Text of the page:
|Die Frankfurt-Tipp Bewertung:|
|Originaltitel:||Fai bei Sogni|
|Laufzeit:||Ca. 130 Min|
|FSK:||From 12 years|
1999: Massimo (Valerio Mastandrea) was just a nine-year-old boy (Nicolò Cabras) when he lost his mother (Barbara Ronchi). His father (Guido Caprino) was never able to close the gap caused by his mother's death. Massimo does not know what actually happened on that fateful night thirty years ago. But it seems to have triggered a trauma in him that has made him incapable of any kind of relationship to this day. But then the journalist meets the enchanting Elisa (Bèrènice Bejo), who evokes feelings in him that he has never felt before. But he soon realizes that he has to go a painful way to solve the mysteries of his childhood if his love for Elisa is to have a chance…
"Dreum was Schönes" is the film adaptation of Massimo Gramellini's novel of the same name. It is a story about repression and coming to terms with the past. The Italian master director Marco Bellocchio has created these motifs with sensitive restraint and emotional complexity. In some scenes this seems extremely touching, in other moments it is a bit distanced and bulky. When Massimo's journalistic career is traced, it has a certain appeal. But there is also the impression that a few minutes less wouldn't have hurt the movie, especially as it's not always obvious what certain scenes contribute to the actual story.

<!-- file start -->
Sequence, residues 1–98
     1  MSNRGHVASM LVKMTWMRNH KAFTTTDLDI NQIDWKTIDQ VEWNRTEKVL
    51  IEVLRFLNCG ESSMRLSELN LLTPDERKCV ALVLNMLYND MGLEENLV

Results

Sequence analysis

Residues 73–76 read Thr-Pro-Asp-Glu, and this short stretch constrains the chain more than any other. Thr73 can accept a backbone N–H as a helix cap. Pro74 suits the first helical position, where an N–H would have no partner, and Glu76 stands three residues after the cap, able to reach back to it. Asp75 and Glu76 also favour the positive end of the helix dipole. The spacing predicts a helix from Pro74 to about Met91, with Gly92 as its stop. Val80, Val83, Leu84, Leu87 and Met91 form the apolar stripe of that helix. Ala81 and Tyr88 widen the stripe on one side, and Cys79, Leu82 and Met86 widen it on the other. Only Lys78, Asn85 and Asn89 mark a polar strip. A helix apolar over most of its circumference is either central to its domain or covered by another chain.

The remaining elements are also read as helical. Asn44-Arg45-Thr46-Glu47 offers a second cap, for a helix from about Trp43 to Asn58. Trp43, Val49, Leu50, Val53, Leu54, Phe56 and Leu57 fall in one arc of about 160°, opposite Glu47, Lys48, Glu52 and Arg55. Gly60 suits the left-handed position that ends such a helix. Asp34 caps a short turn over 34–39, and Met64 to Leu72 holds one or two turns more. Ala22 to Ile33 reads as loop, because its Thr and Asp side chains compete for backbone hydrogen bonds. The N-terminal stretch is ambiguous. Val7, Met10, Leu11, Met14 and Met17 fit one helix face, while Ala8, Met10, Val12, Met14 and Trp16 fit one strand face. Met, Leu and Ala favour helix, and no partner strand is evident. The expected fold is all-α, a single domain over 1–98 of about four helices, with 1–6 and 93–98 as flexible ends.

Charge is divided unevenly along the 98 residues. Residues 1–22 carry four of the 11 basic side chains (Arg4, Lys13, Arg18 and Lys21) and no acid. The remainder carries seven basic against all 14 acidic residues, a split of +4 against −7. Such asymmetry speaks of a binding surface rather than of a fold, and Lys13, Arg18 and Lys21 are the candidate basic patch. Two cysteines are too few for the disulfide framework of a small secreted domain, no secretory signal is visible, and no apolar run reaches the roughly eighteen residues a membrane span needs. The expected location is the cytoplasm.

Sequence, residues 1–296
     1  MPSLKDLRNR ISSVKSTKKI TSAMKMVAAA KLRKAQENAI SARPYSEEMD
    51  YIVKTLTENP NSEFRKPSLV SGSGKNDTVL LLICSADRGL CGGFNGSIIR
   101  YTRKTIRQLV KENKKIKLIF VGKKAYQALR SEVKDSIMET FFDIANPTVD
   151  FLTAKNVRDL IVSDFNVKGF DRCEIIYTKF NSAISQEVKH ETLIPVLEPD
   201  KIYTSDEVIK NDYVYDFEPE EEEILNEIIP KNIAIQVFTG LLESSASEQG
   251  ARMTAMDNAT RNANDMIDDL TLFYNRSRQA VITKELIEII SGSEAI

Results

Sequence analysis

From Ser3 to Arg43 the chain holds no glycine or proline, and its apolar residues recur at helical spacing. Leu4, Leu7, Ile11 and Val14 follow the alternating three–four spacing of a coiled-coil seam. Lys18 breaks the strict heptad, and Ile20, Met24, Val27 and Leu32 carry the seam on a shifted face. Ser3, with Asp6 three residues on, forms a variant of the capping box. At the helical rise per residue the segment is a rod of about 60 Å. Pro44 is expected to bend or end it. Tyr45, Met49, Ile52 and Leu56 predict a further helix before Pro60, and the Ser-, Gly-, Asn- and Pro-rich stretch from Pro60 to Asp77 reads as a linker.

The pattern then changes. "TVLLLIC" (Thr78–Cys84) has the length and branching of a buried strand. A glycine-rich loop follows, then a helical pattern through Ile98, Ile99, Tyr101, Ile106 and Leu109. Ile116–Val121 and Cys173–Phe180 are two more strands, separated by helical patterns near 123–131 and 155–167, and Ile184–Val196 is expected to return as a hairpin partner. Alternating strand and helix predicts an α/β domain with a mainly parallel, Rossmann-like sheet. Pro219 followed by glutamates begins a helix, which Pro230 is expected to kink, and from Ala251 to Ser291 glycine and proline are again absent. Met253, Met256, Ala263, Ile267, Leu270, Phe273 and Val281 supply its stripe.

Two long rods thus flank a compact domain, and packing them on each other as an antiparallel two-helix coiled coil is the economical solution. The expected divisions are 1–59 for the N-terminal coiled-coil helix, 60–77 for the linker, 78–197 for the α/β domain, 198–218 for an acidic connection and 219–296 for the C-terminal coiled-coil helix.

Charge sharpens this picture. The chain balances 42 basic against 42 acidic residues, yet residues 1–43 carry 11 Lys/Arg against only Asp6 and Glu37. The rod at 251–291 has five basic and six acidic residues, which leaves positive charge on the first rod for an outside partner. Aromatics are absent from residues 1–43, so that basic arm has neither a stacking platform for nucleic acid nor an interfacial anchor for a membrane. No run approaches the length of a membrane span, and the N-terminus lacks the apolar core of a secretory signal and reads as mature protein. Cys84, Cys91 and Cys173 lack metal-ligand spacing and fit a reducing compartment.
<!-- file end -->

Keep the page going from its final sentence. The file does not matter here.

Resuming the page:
However, just the scenes with the little Massimo, played great by Nicolò Cabras, are of such an emotional strength that they quickly make some length forgotten. Nevertheless, at the end of the day there is no really round overall picture. Rather, the whole thing seems like an episodic puzzle, which sometimes moves and entertains well, at other moments seems a bit tough and even trivial. Those who appreciate European arthouse cinema will be offered a wonderfully filmed drama that tells a very intimate and personal story, embedded in some important historical events. Massimo experiences this only marginally, before he is right in the middle of it as a journalist. That's interesting and stirring, but with over two hours it's a bit too long. And that's why the bottom line is that "worth seeing" only exists with some small restrictions!
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